If the ledger is accurate, then it doesn't matter. The accumulator is a once-in-a-while bookkeeping exercise made to turn O N into amortized O 1 when spending zerocoins. Fortunately, these don't appear to be fatal flaws, since the action of the accumulator can be verified. I'm a little confused about the scalability of the spending side. The paper says that spending must:.
Even though accumulators can be updated incrementally, the updates for the full accumulator A and an arbitrary witness will be different, so the accumulator-checkpointers can't precompute anything of use for public use. For an attacker able to inject a high volume but otherwise fully legitimate set of zerocoin transactions into the blockchain at arbitrary intervals, this could lead to a couple attacks against zerocoin users:.
After further reading, you're not entirely off the mark. This would then allow for forged spends, since it would be further possible to make a validly-checking spend proof based on a coin that doesn't exist. While this would break zerocoin, I still am not convinced that it de-anonymizes previous spends.
I think you have to beat the zero-knowledge proof to do that. Okay, each bitcoin is worth a fair amount. But, bitcoin is easily divisible to 8 places. For zerocoin, it can't be divisible. So, we need to fix it to a lower number. Also, it is bad to have multiple zerocoin chains. This gives you less security as a whole for each one more usage more anonymity. For Zerocoin, it can't be too small also.
Transactions will still cost transaction fees. So, the denomination can't be too small. Also, lots of work, time, and space is needed to verify transactions. This will not be a microtx currency and it can't be too small. This will be for when you spend the zerocoin. They don't disappear from the ledger. Zerocoins are random claims on bitcoins that breaks the transaction chain, thereby making them untraceable.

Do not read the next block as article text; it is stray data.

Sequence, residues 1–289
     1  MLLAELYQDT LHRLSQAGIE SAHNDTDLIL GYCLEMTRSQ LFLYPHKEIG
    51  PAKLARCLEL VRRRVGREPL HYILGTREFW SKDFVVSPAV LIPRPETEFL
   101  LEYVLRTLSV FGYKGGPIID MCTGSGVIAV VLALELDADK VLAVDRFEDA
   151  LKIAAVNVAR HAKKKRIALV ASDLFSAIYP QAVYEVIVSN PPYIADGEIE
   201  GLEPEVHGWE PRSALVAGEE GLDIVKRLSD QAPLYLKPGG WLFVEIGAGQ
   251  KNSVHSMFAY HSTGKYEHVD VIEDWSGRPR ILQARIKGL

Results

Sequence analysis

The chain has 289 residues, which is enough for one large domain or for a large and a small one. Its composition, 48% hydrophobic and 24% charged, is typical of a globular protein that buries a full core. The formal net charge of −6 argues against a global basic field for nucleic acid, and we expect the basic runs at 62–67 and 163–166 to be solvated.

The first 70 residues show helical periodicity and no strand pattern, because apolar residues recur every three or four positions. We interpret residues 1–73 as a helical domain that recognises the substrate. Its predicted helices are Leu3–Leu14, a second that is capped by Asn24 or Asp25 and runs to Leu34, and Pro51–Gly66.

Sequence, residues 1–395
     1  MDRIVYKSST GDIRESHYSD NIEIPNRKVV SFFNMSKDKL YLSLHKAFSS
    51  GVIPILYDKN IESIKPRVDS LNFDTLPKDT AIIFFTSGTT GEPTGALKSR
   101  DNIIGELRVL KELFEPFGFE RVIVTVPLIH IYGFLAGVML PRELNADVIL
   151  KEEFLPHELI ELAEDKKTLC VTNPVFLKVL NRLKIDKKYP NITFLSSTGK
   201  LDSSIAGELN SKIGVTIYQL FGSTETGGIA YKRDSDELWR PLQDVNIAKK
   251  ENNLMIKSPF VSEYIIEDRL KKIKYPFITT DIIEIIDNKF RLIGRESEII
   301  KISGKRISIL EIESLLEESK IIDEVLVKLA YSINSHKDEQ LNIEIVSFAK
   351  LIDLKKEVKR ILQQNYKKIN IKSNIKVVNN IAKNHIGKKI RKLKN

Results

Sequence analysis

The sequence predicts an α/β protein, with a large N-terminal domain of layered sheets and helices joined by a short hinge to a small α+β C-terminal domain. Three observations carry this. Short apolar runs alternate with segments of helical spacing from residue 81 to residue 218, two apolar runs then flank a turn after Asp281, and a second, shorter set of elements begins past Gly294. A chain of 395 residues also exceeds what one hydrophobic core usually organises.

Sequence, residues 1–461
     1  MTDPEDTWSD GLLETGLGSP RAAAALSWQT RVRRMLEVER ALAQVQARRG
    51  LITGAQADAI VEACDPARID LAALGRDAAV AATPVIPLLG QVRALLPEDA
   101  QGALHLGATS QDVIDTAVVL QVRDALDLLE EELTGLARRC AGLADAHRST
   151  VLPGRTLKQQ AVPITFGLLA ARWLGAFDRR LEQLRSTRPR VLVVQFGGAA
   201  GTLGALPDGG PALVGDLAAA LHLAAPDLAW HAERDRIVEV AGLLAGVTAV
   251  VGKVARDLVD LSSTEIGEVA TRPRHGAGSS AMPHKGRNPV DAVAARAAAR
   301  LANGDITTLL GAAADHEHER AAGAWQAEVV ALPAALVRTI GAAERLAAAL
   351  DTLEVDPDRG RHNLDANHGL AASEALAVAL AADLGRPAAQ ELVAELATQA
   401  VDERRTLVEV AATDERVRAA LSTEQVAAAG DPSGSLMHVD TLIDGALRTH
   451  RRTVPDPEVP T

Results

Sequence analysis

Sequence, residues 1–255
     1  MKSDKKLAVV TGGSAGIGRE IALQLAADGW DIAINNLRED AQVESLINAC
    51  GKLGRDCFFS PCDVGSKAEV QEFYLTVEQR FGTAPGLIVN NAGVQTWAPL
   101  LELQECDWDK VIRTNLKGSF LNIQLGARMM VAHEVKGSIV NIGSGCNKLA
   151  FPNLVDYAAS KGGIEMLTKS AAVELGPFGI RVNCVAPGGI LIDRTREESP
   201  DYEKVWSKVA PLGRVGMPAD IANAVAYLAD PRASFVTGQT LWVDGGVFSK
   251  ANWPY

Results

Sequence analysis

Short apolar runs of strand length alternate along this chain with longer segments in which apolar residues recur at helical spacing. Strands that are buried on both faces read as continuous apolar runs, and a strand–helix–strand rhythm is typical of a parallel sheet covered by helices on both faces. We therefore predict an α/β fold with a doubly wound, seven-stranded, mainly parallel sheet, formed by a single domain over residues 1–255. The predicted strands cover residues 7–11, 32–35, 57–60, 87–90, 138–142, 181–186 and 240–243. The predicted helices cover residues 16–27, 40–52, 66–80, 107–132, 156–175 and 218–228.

That's not a great idea either. In a situation like this, some people will have processing bottlenecks, some people will have networking bottlenecks. There isn't really a correct tradeoff here. It doesn't help your cause when one of the zerocoin developers goes on record as saying that a backdoor could be added to assist governments in tracking where coins are sent. Knowing the factorization of N does allow you to spend every minted zerocoin you could spend even more, but you'd exhaust the pool of escrowed bitcoins.
There are techniques for creating accumulators that don't let anyone actually know N. Even if the factorization of N is known, the zero knowledge proof output by Spend … is still a zero knowledge proof that only reveals the serial number. You are still anonymous. Why do you need to use the complex double exponentiation in your ZKP?
I thought maybe you wanted to show some structure in S, but it's just a random value. Pedersen commitments can be proven very simply, without cut and choose. The witness can be updated incrementally, as long as the zerocoin user sees all the transactions. He would have to keep a running update of each of all of his outstanding zerocoin transaction's witnesses.
This would require one exponentiation for each outstanding zerocoin transaction, whenever a new zerocoin transaction came in. As long as he is running a full node, in Bitcoin parlence, he sees every transaction. Are we sure additional privacy is desirable? It makes it easier to commit crimes using bitcoin… think child porn, human trafficking, contract killing, terrorism, illegal arms sales. There are crypto schemes by which a P2P network can generate an RSA modulus such that they all would have to collude to know the factorization.
If there is at least one honest participant, the secret is safe. They aren't especially efficient, but it would only have to be run once. Of course, future generations would have to trust that their ancestors were honest. As far as the Sander paper, trust can be minimized by seeding a random number generator from a public headline.